Symptoms for pancreatic cancer may be nonspecific, but some patients experience pain around the ribs and weight loss.

Small Intestine Cancer

Small intestine cancer (also called small bowel cancer) is one of the rarer GI cancers, but people who have Crohn’s disease or other chronic digestive conditions may have an increased risk.

Symptoms for this type often include pain, discolored stool, and jaundice.

Stomach Cancer

Also known as gastric cancer, stomach cancer often forms in the space where the esophagus and stomach meet. Symptoms are often similar to other gastrointestinal cancers, with nausea and vomiting being common symptoms.

Asbestos may increase the risk of any type of gastrointestinal cancer. If you were exposed to asbestos and are now sick, you may qualify for financial compensation. Contact us now to see how we can help.

Diagnosing Asbestos Gastrointestinal Cancer

To get a diagnosis for GI cancer, you’ll need to get the following:

  1. Physical exam so a doctor can assess your symptoms (if any) and discuss your medical history (including if you were ever exposed to asbestos).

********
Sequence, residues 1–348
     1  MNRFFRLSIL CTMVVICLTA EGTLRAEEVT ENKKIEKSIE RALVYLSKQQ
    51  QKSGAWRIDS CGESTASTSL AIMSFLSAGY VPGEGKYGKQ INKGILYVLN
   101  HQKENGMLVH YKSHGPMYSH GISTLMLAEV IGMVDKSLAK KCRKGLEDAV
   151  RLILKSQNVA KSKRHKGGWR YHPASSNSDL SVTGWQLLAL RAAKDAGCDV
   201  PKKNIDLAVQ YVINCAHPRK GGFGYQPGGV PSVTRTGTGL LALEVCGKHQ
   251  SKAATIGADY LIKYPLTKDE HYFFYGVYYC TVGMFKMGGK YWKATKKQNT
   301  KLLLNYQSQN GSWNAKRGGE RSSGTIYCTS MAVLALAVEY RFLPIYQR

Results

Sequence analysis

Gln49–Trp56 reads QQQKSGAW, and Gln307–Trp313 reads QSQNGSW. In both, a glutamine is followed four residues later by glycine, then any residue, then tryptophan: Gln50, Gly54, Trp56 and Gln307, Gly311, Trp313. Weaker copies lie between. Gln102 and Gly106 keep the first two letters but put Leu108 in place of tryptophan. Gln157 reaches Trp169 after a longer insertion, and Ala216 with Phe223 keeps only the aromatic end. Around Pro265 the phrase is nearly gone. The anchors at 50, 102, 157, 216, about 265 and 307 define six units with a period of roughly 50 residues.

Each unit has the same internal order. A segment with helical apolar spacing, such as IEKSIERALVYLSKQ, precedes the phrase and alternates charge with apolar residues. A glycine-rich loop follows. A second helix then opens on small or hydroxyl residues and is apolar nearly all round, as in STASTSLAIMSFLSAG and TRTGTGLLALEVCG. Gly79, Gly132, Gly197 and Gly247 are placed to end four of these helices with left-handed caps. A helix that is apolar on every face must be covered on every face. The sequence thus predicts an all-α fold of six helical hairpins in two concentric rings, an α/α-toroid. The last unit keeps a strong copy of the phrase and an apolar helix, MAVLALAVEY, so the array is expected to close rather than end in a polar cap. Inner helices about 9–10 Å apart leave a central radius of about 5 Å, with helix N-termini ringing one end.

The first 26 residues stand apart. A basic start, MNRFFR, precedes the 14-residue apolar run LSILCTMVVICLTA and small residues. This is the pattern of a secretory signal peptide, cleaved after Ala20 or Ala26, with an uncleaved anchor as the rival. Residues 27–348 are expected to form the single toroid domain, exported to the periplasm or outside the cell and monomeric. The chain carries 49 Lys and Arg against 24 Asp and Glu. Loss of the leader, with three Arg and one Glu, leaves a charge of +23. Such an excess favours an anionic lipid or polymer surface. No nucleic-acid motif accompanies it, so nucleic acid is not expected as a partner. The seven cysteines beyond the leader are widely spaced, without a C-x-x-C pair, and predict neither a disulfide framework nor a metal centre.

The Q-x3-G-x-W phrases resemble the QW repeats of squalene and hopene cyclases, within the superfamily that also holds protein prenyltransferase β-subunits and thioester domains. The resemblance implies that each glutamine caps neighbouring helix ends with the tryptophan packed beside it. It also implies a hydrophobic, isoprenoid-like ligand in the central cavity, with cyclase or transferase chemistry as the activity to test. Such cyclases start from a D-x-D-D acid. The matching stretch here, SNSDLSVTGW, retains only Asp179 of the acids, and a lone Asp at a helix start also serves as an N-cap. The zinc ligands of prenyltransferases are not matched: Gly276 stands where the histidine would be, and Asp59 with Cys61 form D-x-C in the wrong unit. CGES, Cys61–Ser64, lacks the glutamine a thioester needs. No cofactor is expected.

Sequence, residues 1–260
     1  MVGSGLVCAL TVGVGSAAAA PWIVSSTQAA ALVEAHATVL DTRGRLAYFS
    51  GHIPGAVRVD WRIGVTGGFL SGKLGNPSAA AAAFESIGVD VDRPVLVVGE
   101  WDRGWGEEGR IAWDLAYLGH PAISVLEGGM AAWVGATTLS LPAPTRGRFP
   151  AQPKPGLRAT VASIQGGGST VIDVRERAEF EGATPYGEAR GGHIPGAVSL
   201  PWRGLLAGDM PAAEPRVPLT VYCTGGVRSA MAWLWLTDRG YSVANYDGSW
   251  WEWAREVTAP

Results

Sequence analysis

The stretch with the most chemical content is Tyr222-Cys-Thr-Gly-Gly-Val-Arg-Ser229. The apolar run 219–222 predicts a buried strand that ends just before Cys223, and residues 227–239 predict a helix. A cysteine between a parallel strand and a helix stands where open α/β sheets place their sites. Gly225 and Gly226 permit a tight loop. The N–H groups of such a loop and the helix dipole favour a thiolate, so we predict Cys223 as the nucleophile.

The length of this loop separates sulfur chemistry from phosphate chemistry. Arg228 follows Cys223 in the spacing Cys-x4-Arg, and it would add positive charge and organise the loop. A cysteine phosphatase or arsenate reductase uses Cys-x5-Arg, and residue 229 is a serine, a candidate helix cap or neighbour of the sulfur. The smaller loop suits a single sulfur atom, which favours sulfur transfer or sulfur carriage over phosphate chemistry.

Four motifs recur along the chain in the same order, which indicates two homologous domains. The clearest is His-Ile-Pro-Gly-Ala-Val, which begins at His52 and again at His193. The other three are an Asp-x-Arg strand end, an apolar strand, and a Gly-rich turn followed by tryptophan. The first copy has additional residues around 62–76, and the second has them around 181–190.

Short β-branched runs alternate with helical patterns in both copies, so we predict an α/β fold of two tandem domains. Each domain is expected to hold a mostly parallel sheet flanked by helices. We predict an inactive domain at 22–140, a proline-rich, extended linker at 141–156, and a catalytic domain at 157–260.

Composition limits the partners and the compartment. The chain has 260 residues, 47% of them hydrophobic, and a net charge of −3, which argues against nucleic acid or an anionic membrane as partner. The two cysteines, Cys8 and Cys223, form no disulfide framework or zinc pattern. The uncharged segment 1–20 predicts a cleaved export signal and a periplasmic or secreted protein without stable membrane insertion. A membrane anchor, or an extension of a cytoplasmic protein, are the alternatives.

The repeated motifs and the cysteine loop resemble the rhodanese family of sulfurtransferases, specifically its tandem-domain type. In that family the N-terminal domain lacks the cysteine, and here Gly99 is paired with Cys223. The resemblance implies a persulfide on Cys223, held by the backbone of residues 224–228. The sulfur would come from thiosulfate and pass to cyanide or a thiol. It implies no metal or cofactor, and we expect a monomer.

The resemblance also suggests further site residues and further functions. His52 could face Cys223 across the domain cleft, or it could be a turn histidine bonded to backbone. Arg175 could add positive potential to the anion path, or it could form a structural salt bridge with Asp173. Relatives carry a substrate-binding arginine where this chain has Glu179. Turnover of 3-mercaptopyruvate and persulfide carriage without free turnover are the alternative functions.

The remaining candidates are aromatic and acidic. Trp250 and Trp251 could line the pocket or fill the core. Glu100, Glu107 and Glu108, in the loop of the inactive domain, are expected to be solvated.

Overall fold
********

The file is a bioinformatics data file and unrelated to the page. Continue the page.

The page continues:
2. Imaging tests like X-rays, MRIs, or CT scans, which allow doctors to look for cancer tumors in your gastrointestinal tract. You may also need to get a barium swallow (in which you’ll consume a special liquid to make the GI tract more visible on scans).
  3. Biopsy to take a sample of abnormal tissue or fluid. For GI cancer, biopsy samples can be taken during an endoscopy, a procedure that leads a long flexible tube with a camera through the esophagus. If abnormal cells are detected in the colon or rectum, doctors can retrieve samples through a colonoscopy.

Talk to your oncology (cancer) doctor to learn more about your diagnostic options.

Stages of Asbestos Gastrointestinal Cancer

Since gastrointestinal cancer is a group of multiple types of cancer, each type will have a unique description of all stages.

However, there are generally four stages of GI cancers: 

  • Stage 1: The cancer is localized in one area and has not spread to lymph nodes
  • Stage 2: The cancer has begun to spread, but not yet to lymph nodes or other parts of the body.
  • Stage 3: The cancer has spread to lymph nodes, but has not reached other parts of the body.
  • Stage 4: The cancer has spread to other parts of the body.

To get more specific staging information, talk with your doctor about your specific type of GI cancer.

Asbestos Gastrointestinal Cancer Prognosis

The prognosis (projected health outcome) of asbestos GI cancer depends on various factors, including your age, health, and stage of the cancer at diagnosis.

Generally speaking, younger patients, those in good overall health outside of having cancer, and those with early-stage cancer tend to have a better prognosis.